The neem tree, a tree of peace and exceptional healing powers, was chosen to represent the Jain religion, renowned for its vows of nonviolence.

The peach tree and ginkgo tree are sacred in China. Representing Confucianism and Taoism respectively, they symbolize longevity and immortality. And so it goes.

As with the Golden Rule, the Green Rule does not represent all faith traditions, as that would not be possible on one poster. It is symbolic and intended to express the old adage, "unity in diversity."

The significance of trees

In addition to their many utilitarian qualities, trees have been sacred to many cultures throughout the ages. Anthropologists attribute the first Tree of Life to the ancient communities along the Tigris and Euphrates rivers. Egyptians considered the date palm the Tree of Life as it supplied humans and animals with their primary source of food and shelter, and it was believed to bestow happiness and immortality.

In Judaism, the Torah is referred to as Etz Chayim, meaning Tree of Life, and in the New Testament the Tree of Life, in Revelation, symbolizes the new Heaven and Earth.

Mayan mythology speaks of the First Tree of the World as a cieba tree that grew from the centre of the Earth and spread its branches through to heavenly realms. A World Tree for Native American peoples is said to be the balsam fir while the mythical Ygdrasil Tree of the Norse people is described as always green and the centre of all life.

The Tree of Knowledge in the Judeo-Christian tradition stands for the knowledge of good and evil, and God forbade Adam from eating its fruit. And, of course, we speak of the Family Tree, devised to chart human genealogy.

From a practical perspective, trees have the exceptional capacity to "inhale" carbon dioxide and "exhale" oxygen thereby playing an essential role in creating, maintaining and restoring the unique life-giving atmosphere of planet Earth. Tree roots, bark, wood, leaves, fruits and nuts have always provided humans with such things as food, shelter, clothing, medicines – the essentials of life.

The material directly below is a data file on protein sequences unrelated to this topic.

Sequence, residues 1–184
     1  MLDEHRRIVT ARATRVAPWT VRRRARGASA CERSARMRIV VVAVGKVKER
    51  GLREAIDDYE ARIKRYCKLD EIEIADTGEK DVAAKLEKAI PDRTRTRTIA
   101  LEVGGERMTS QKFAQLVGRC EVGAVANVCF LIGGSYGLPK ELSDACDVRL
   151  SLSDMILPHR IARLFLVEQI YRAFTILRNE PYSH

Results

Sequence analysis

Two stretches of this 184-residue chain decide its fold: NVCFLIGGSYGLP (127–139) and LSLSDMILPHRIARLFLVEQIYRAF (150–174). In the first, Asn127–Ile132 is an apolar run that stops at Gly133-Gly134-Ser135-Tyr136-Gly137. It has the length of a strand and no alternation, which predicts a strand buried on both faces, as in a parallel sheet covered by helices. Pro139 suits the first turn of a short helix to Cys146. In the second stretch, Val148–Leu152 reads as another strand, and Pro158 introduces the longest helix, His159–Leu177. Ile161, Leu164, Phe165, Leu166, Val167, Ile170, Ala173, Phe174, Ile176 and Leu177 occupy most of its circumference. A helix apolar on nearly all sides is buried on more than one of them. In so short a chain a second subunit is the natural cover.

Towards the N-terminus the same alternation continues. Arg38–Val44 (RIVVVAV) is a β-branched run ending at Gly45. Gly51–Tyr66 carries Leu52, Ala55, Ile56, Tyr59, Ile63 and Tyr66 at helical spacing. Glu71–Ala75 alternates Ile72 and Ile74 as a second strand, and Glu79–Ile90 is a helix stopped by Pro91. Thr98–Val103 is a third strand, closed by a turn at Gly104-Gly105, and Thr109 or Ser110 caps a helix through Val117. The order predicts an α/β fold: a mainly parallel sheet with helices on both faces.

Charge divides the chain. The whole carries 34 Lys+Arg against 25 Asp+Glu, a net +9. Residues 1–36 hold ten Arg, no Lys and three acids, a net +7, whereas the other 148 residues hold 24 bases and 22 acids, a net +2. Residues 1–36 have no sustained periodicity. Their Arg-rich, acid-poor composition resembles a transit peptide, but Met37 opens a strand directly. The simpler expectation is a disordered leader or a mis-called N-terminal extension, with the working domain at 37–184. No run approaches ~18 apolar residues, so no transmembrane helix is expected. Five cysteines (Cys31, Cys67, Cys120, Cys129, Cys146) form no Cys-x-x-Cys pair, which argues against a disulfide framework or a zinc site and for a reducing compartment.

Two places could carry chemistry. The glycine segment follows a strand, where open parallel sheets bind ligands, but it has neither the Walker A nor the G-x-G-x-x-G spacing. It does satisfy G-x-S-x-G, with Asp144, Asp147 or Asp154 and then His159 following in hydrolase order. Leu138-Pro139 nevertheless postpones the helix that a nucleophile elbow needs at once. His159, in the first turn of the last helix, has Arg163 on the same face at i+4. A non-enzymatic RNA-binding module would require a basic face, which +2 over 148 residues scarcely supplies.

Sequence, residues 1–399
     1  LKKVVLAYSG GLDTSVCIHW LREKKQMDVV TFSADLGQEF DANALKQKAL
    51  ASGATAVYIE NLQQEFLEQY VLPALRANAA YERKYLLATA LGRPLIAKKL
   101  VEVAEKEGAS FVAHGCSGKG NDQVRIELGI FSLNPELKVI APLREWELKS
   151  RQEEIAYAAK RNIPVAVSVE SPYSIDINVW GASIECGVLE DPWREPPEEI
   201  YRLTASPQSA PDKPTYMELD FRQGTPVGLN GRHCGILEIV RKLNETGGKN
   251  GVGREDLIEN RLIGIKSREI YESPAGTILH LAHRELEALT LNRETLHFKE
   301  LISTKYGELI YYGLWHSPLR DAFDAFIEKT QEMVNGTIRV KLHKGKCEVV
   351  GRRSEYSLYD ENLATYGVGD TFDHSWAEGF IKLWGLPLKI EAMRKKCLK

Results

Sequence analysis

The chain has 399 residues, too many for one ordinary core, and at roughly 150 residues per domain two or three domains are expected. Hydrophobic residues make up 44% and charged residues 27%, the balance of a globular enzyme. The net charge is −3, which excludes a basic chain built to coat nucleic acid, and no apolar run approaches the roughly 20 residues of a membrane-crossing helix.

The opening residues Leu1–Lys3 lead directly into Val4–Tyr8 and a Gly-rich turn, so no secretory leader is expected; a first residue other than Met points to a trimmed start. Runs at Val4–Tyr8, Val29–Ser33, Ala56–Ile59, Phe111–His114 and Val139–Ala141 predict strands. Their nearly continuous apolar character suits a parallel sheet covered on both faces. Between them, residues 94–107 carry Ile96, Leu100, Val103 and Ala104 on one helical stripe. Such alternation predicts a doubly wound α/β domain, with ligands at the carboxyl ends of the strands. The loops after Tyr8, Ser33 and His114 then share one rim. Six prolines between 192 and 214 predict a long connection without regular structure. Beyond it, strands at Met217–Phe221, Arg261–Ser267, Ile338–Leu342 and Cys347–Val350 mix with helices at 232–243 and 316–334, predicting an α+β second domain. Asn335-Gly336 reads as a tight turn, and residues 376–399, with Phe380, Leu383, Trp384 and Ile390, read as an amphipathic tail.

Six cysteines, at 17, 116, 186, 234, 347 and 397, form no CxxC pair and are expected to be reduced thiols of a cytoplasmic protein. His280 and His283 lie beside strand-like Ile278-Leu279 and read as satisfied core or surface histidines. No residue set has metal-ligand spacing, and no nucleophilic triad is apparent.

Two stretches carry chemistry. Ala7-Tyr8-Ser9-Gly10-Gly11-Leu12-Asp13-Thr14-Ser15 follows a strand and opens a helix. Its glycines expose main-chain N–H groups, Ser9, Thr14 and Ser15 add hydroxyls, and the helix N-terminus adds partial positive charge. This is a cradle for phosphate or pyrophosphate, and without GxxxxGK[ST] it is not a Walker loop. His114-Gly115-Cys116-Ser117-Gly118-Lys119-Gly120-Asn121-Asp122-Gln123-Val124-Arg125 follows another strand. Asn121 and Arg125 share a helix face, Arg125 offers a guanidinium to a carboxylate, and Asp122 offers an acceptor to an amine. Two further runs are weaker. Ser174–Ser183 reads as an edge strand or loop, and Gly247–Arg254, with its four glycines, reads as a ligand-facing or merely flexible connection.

As people of faith we know that our well-being depends on the integrity of our relationships, both with one another and, as we are discovering, with the whole of creation. It is our hope that the Green Rule poster and accompanying study guide will continue to inspire youth, adults and seniors of all traditions to imagine what could be achieved if humanity joined together in the great spiritual assignment of this century: to renew the sacred balance of our communal home, planet Earth.

Green Rule Poster

Green Rule Poster and Study Guide

Each Green Rule kit consists of one poster (mailed folded in a 9" x 12" envelope) with one study guide. The 21 3/4" x 27 5/8" Green Rule poster, printed on recycled paper, presents sayings from more than a dozen of the world's great religious and spiritual philosophies, demonstrating that all these traditions have at their core a tradition of ecological stewardship.

The accompanying study guide – free when downloaded from the website – offers suggestions on how you can use the Green Rule poster as an imaginative and practical tool to teach youth and adult members of your faith community and school system about the sacredness of creation in their own faith, as well as learn about creation care from other faith perspectives. There is a workshop outline, spiritual practices, and rituals from a variety of faith communities along with inspiring eco-faith stories, poems, websites and other related resource materials.

Unit Price: $12.00
Discounted Price: $9.00
(5 or more study kits)
Bulk Orders Price: $7.50
(25 or more study kits)
Prices include taxes & shipping in Canada.

Order from:
Faith & the Common Good
47 Queen's Park Cres E
Toronto, ON M5S 2C3
Tel: 416.978.5306; Fax: 416.978.7821